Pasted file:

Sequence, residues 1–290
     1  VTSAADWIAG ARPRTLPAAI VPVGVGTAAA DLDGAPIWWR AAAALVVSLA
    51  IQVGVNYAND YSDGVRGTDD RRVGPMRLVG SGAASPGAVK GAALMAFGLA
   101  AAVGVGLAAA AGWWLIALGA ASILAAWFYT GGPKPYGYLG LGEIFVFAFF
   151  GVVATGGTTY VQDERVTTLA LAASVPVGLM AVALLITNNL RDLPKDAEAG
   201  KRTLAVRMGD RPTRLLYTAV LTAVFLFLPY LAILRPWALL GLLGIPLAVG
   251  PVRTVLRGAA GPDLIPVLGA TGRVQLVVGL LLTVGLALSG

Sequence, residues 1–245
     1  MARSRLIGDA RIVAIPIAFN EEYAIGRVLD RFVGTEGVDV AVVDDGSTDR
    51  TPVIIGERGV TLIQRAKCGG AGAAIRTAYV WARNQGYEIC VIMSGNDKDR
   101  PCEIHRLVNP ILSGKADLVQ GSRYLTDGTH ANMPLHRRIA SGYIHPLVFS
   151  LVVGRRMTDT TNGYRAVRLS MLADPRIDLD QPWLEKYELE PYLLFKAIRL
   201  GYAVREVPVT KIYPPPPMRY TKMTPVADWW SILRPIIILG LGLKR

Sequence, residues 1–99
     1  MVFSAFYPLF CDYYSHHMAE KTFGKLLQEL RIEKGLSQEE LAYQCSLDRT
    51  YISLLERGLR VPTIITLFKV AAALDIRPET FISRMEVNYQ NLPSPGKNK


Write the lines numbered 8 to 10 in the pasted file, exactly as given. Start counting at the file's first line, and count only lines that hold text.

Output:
Sequence, residues 1–245
     1  MARSRLIGDA RIVAIPIAFN EEYAIGRVLD RFVGTEGVDV AVVDDGSTDR
    51  TPVIIGERGV TLIQRAKCGG AGAAIRTAYV WARNQGYEIC VIMSGNDKDR